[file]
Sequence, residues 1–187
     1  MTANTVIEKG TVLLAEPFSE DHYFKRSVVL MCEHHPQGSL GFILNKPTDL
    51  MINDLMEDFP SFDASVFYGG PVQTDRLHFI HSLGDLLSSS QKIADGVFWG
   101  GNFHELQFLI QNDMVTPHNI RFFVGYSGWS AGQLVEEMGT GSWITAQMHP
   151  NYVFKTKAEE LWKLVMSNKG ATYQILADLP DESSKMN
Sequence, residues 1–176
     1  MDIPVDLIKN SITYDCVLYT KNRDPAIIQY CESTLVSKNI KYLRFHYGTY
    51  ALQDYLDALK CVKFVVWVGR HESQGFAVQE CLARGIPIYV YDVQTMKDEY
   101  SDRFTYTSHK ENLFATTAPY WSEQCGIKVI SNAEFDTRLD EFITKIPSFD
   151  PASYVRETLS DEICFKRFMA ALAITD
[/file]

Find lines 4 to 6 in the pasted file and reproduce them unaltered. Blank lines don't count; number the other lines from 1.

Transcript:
   101  GNFHELQFLI QNDMVTPHNI RFFVGYSGWS AGQLVEEMGT GSWITAQMHP
   151  NYVFKTKAEE LWKLVMSNKG ATYQILADLP DESSKMN
Sequence, residues 1–176